ADDRESSING ETHICAL ISSUES IN TRANSACTIONAL DUE DILIGENCE AND NEGOTIATIONS
Ronald R. Levine II, Lucy Stark
I. Communications Ground Rules
a. Must balance duty to maintain client confidentiality with duty of honesty as well as weighing public interests (as defined in Rule 1.6(b)).
b. Applicable guidance – Rule 1.6
i. ABA Model Rule 1.6(a) “A lawyer shall not reveal information relating to the representation of a client unless the client gives informed consent, the disclosure is impliedly authorized in order to carry out the representation, or the disclosure is permitted by paragraph (b)” . . . .
ii. ABA Model Rule 1.6(b) permits a lawyer to reveal otherwise confidential client information to “to the extent the lawyer reasonably believes necessary:
1. to prevent reasonably certain death or substantial bodily harm;
2. to prevent the client from committing a crime or fraud that is reasonably certain to result in substantial injury to the financial interests or property of another and in furtherance of which the client has used or is using the lawyer's services;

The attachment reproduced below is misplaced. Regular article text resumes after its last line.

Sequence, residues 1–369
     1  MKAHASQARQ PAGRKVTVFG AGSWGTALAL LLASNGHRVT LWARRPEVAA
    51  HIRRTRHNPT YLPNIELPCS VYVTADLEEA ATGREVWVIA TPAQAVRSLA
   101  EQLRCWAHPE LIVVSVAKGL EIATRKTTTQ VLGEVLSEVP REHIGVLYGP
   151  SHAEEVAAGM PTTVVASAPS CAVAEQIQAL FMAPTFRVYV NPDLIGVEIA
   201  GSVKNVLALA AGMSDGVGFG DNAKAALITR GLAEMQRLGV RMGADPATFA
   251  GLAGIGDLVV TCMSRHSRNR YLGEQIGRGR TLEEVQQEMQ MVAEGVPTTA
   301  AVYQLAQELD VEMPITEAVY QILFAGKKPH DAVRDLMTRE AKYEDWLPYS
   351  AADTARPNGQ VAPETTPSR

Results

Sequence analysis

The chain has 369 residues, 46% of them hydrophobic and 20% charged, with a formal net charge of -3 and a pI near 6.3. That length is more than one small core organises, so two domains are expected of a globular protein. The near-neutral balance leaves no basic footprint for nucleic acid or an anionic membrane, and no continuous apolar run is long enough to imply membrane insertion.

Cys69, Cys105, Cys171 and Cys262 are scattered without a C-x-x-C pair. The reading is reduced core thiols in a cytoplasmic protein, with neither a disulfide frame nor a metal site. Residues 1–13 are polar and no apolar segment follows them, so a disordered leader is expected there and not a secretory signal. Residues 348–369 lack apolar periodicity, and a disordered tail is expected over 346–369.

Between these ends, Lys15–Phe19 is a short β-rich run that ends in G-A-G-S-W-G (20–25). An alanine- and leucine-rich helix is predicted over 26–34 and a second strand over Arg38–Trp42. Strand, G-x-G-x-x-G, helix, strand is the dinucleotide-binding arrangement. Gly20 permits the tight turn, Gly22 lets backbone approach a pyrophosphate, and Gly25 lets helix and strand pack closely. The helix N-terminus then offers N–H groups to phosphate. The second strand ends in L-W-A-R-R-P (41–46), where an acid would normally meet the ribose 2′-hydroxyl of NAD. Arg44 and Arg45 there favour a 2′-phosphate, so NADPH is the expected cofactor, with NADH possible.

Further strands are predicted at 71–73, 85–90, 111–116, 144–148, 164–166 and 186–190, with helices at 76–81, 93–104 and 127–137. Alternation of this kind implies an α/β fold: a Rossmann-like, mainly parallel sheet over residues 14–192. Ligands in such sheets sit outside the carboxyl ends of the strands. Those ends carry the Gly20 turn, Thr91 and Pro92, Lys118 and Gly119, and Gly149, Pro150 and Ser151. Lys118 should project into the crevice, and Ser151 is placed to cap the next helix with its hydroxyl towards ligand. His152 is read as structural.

3. to prevent, mitigate or rectify substantial injury to the financial interests or property of another that is reasonably certain to result or has resulted from the client's commission of a crime or fraud in furtherance of which the client has used the lawyer's services . . .”
iii. Comment 6 to ABA Model Rule 1.6:Paragraph (b)(1) recognizes the overriding value of life and physical integrity and permits disclosure reasonably necessary to prevent reasonably certain death or substantial bodily harm. Such harm is reasonably certain to occur if it will be suffered imminently or if there is a present and substantial threat that a person will suffer such harm at a later date if the lawyer fails to take action necessary to eliminate the threat.
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